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LONDON (Reuters) - British police said they would review accusations of sexual misconduct made against a former official of the coalition's Liberal Democrats, intensifying a scandal that threatens to overwhelm the party ahead of a by-election.
Detectives from London's police force will consider whether "criminal activity" took place relating to the allegations of sexual impropriety made against the party's former chief executive Chris Rennard, the Metropolitan Police Service said.
Rennard, a member of parliament's upper house, denies the allegations, but has stood down from party duties while they are investigated.
The furor comes at a difficult moment for the party following the resignation of a former cabinet minister Chris Huhne this month after he admitted asking his then wife to accept a penalty for a speeding offence he had committed.
A local election to replace Huhne takes place this Thursday, with the Liberal Democrats, below 10 percent in national opinion polls, fighting a close battle with their Conservative coalition partners for the seat.
The Liberal Democrats' stumbling response to the reports that Rennard inappropriately touched female party members and activists several years ago has put it on the back foot since they emerged in a television news report last week.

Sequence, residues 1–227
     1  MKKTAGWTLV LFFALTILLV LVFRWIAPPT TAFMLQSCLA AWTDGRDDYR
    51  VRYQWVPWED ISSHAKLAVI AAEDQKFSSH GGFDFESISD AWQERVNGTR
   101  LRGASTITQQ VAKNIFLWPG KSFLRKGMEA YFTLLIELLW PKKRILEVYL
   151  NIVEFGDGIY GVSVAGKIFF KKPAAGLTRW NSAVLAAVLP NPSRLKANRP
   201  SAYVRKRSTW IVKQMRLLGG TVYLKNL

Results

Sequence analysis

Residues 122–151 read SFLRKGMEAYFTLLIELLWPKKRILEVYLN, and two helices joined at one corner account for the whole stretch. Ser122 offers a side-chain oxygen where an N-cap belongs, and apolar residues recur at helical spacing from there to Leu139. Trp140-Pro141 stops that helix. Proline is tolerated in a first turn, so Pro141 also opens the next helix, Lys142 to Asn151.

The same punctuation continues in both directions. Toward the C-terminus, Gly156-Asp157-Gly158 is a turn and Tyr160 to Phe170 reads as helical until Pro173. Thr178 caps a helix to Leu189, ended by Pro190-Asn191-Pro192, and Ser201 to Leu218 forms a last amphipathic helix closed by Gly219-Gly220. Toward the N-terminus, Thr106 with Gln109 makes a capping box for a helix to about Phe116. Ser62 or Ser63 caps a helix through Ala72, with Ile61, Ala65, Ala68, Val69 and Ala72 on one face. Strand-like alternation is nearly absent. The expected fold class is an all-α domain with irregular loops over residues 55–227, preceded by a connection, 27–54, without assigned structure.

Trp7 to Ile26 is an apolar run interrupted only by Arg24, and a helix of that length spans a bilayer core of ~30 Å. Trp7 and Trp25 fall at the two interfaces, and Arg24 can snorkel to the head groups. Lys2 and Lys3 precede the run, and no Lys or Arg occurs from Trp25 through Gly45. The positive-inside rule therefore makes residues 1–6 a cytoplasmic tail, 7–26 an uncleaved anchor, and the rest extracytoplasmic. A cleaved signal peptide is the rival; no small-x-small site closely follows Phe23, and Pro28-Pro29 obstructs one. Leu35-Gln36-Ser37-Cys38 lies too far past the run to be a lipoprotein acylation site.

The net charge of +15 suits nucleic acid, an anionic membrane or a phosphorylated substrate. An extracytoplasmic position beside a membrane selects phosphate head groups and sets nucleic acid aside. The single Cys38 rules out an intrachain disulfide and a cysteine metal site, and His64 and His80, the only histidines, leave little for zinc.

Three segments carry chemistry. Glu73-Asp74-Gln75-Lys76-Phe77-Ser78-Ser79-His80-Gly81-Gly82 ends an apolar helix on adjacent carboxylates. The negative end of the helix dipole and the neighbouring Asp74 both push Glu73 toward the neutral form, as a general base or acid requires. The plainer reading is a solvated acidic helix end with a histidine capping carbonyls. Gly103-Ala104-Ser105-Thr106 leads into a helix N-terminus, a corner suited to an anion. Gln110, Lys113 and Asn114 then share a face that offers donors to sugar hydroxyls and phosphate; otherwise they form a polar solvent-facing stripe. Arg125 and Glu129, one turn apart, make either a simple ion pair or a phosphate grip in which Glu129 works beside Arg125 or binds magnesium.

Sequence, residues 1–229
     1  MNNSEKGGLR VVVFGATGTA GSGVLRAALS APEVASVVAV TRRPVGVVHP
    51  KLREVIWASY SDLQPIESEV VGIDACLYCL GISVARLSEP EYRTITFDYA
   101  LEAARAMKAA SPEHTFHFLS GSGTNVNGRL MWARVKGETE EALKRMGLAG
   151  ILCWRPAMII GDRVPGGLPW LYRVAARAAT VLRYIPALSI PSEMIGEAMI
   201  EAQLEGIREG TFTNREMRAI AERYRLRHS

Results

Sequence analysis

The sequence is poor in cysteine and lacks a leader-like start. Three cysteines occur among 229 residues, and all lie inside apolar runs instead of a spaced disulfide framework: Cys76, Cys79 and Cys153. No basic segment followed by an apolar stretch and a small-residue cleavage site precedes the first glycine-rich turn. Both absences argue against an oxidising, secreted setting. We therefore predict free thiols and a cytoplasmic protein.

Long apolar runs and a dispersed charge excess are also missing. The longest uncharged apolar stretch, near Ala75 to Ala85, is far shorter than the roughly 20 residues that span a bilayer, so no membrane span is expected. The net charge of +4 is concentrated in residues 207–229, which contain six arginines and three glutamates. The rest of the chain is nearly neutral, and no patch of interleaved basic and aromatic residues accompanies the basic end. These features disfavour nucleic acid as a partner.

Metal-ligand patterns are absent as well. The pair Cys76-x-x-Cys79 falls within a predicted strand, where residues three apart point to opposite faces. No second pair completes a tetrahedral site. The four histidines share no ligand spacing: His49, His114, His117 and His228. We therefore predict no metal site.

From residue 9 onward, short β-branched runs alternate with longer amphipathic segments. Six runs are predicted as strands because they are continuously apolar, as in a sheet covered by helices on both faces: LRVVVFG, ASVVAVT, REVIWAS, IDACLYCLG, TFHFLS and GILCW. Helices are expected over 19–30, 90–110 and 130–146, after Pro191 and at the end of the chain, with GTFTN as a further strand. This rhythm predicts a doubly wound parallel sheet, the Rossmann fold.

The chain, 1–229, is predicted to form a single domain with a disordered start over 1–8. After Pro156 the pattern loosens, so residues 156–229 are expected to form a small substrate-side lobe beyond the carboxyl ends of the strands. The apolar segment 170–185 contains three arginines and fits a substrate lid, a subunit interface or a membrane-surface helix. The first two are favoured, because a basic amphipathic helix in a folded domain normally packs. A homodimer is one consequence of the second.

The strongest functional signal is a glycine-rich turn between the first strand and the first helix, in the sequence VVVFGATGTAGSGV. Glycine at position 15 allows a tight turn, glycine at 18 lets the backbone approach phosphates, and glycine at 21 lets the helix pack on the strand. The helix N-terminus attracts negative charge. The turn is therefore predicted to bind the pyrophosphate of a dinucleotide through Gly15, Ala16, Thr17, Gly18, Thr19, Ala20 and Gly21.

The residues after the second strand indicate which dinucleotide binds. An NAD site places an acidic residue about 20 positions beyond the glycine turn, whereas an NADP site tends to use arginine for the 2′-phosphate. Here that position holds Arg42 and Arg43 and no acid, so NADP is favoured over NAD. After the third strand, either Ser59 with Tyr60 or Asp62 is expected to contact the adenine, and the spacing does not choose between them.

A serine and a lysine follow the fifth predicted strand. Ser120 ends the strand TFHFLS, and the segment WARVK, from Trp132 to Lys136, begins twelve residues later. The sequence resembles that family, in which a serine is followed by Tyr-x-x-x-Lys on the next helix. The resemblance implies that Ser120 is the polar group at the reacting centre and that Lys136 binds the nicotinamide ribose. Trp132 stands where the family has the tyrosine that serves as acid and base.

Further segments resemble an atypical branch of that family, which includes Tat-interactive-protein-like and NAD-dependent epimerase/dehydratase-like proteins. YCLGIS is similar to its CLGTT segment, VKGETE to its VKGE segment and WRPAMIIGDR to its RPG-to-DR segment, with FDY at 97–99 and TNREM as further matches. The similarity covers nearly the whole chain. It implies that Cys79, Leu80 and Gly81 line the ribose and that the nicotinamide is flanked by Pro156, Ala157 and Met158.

Liberal Democrat President Tim Farron, in an apparent criticism of party leader Nick Clegg, said the party had "screwed this up".
Conservative-supporting newspapers have leapt on the crisis, putting Clegg, who serves as deputy prime minister, on the spot after he appeared to change his position on when and how much he knew about the allegations.
The Daily Mail accused Clegg of a cover-up after he disclosed he had been aware of "indirect and non-specific concerns" about Rennard in 2008.
Clegg denied hushing up the matter, saying his chief of staff had gone to Rennard at the time to put the concerns to him along with the warning that such behavior was "wholly unacceptable".
"It is wrong ... to suggest that we could have acted further given that we didn't have specific allegations five years ago. We have them now. That's why we will act," Clegg told Sky News.
The party has now announced two internal inquiries, one into how the party handled the allegations, and another into the allegations themselves.
"We don't want there to be any no-go areas. If there are things which are criminal they need to pursued," party deputy leader Simon Hughes told Sky News.
Editing by Andrew Heavens